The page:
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Introducing PCI Express — the new I/O solution of choice

Oct 29, 2004 — by LinuxDevices Staff — from the LinuxDevices Archive — 3 views

Foreword: New PCs and servers are beginning to emerge with expansion slots that look different from the PCI slots we've come to know and love over the past decade. The change signals the arrival of PCI Express — an interface that may well become the next decade's I/O expansion solution of choice in a wide range of client and server systems. PCI Express implements a high-speed serial interconnect that offers higher performance and occupies less space.

This whitepaper by Allyson Klein, a marketing manager for Intel's Enterprise I/O initiatives, explains the whys and wherefores of PCI Express, and offers some insight into where it's heading.

PCI Express is the new I/O Solution of Choice

by Allyson Klein

Overview: Reducing I/O Real Estate

This year new client and server systems are arriving with input/output (I/O) slots and connectors that look different from the PCI (Peripheral Component Interconnect) slots we've used for the last decade (Figure 1). The change signals the arrival of PCI Express technology, the industry-standard I/O technology expected to be the next decade's I/O solution of choice for client, server and communications platforms.

Figure 1: New PCI Express slot

PCI Express offers a breakthrough in design performance, utilizing cutting-edge, high-speed serial interconnect architecture while enabling smaller I/O real estate due to a reduction in the physical wires required to connect I/O to the system's processing complex. The introduction of PCI Express technology also represents the culmination of a multiyear industry-wide effort.

Why Replace PCI?

Most technology experts are familiar with today's I/O PCI bus, the local interconnect first introduced in the early 1990s. Since that time, Intel processors have continued to increase in performance at the rate predicted by Moore's Law. However, the PCI bus has remained constant, having received only minor performance enhancements.

The result of these developments is a growing imbalance in processing and I/O performance. A new approach to I/O connectivity, PCI Express takes advantage of a decade's worth of technology innovation. With this change comes an opportunity for IT managers to deliver increased system performance and reliability across their enterprise.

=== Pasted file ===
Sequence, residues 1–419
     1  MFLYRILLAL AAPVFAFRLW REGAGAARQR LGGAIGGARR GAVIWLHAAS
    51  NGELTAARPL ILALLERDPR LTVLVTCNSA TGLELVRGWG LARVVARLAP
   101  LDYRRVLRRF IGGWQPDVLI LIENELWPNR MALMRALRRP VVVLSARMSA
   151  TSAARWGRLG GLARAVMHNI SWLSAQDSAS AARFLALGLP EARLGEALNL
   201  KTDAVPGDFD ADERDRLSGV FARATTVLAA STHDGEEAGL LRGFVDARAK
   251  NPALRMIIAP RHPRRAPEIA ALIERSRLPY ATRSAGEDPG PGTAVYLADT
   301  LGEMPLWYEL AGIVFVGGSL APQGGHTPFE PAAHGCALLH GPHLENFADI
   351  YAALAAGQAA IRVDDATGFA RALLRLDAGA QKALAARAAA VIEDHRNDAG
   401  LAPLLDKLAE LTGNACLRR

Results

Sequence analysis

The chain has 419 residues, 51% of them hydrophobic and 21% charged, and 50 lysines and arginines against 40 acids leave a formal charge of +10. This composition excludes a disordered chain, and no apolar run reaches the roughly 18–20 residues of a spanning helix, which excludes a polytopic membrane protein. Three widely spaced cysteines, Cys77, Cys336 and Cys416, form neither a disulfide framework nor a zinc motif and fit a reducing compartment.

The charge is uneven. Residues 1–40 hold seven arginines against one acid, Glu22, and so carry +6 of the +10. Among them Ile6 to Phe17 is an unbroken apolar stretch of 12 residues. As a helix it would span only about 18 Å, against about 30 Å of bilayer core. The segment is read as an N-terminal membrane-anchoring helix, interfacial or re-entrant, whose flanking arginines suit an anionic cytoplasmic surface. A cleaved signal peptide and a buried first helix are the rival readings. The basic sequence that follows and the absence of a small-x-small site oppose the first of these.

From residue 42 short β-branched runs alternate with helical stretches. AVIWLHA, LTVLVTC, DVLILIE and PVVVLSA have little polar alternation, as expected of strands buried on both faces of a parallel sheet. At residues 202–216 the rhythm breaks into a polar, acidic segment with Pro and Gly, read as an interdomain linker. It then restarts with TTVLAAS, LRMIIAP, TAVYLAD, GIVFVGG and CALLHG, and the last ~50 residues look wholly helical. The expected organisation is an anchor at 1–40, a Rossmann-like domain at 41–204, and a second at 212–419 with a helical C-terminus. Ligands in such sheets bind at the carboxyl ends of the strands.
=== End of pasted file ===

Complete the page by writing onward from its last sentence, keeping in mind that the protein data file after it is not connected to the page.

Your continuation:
Increased Performance Across the Enterprise

In client systems, the transition to Gigabit Ethernet consumes today's PCI bus, leaving little performance for other system adapters. By moving to PCI Express technology, each I/O connection can deliver a dedicated 2.5 gigabits per second (Gbps) of bandwidth — or a tripling of bus performance dedicated to each slot — providing ample performance headroom for Gigabit Ethernet and future client connectivity requirements.

In the enterprise, the future of Ethernet centers on supercharged multi-Gig and 10-Gbps connections. Today's PCI-X-based server connections provide inadequate bandwidth to support 10-Gbps performance requirements. A move to PCI Express offers 10-20 Gbps of local I/O capacity per slot, providing nonblocking local I/O connectivity for 10-Gbps Ethernet deployments.

Today's workstation and desktop platforms utilize the specialized AGP (Accelerated Graphics Port) 8x bus to connect graphics cards. The graphics industry is rapidly migrating to a PCI Express x16 connection, doubling the performance of graphics connections to 40 Gbps. This transition increases graphics capabilities that were previously unrealized due to AGP interconnect limitations. Top graphics vendors have announced plans to deliver products in 2004, with ATI Technologies and NVIDIA Corp. both announcing a full line of products in time that align with the recent launches of the Intel 925x/915 Express Chipset and Intel E7525 Chipset platforms.

Storage interconnects such as SCSI (Small Computer System Interface) and Fibre Channel are delivering performance improvements with increased connection speeds. With the introduction of Serial Attached SCSI and multi-Gig Fibre Channel expected in the near future, the opportunity for performance advancements in storage is ripe.

PCI Express will offer the ability to deploy multiport, multigigabit HBAs (host bus adapters) in the near term without experiencing a local I/O bottleneck. Over the long term, as storage interconnects transition to 10-Gbps speeds, PCI Express can provide the basis for a long-term roadmap for storage performance capability.